This course will provide an overview of key concepts and problems of federal arrangements under national constitutions. The premise of the course is that as much as federalism is seen as a solution to a range of practical problems (from ethnic diversity to inequality) a federal arrangement may also result in unforeseen tensions and conflicts. The course explores federalism as a dynamic aspect of constitutional government: instead of focusing on particular models, we will look at how these models transformed over time through use, and misuse.
1. Ability to thinking critically at an intermediate level
2. Ability to draw on substantial knowledge of constitutional law for critical reasoning on related problems – intermediate level
3. Ability to demonstrate substantial knowledge of constitutional law (comparative federalism) in select jurisdictions – intermediate level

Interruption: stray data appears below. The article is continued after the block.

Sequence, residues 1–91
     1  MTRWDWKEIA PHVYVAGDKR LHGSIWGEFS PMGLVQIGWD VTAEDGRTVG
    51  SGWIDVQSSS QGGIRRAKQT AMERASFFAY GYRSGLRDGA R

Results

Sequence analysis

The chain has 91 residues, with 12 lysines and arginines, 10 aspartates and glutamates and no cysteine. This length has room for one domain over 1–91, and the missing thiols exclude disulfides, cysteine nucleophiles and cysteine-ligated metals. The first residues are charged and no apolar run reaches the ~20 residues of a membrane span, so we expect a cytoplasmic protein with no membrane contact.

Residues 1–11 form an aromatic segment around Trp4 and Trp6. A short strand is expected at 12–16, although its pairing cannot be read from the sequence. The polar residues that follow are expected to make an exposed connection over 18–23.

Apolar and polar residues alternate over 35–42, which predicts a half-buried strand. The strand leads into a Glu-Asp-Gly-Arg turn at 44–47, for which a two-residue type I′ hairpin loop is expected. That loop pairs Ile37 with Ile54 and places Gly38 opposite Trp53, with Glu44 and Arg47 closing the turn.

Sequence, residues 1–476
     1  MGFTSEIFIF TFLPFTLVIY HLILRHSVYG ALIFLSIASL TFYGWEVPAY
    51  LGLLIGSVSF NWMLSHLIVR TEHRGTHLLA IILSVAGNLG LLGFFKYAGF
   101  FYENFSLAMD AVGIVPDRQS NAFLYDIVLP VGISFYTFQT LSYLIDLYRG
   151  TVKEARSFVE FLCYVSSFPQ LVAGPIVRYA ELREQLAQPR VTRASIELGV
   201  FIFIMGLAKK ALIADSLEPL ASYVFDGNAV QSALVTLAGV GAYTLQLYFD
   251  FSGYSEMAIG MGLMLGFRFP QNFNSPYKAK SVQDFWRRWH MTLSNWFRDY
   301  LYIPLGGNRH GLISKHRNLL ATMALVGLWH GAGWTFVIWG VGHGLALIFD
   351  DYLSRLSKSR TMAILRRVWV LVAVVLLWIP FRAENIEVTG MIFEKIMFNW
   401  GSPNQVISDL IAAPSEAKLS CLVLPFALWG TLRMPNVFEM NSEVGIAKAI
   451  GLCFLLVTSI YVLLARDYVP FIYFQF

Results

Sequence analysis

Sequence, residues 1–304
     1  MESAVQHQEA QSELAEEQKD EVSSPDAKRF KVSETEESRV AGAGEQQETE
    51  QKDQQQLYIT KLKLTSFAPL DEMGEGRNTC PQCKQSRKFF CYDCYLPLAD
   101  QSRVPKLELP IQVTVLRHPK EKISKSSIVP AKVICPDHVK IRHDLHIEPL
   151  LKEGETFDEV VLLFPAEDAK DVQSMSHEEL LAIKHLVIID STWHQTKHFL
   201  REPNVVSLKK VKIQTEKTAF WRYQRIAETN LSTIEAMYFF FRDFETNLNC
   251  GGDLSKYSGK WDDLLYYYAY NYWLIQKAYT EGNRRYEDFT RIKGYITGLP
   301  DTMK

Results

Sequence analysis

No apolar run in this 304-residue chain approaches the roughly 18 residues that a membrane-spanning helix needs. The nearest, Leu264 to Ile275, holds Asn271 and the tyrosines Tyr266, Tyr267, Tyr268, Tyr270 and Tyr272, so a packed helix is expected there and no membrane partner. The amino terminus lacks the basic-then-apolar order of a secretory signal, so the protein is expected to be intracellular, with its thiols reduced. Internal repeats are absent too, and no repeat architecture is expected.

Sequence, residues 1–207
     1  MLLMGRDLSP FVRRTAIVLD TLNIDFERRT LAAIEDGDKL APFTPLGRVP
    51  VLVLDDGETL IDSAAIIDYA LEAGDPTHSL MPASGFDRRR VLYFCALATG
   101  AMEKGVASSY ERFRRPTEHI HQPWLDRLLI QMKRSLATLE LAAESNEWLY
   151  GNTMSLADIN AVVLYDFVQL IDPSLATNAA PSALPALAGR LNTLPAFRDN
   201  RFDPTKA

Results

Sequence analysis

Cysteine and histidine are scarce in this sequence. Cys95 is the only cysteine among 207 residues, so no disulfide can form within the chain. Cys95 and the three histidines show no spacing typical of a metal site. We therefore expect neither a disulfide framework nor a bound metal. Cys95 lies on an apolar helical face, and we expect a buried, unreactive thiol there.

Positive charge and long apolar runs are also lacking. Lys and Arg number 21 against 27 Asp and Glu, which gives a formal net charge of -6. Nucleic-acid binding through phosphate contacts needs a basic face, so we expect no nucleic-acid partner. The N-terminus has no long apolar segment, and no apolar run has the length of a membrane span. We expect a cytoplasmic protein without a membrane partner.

4. Ability to actively benefit from a substantial knowledge of constitutional law (comparative federalism) in select jurisdictions via a comparative perspective – intermediate level, applied skills
5. Ability to use cases and precedents in legal reasoning – intermediate level
6. Ability to fuse legal and policy arguments – intermediate level.
- Class participation: 10 per cent
- In class presentation: 10 per cent (Classes 2 - 6)
- In class group exercise: 20 per cent (Class 7)
- Written assignments: 60 per cent (3 papers, between Classes 2-6)
- There will be no final exam at the end of the course.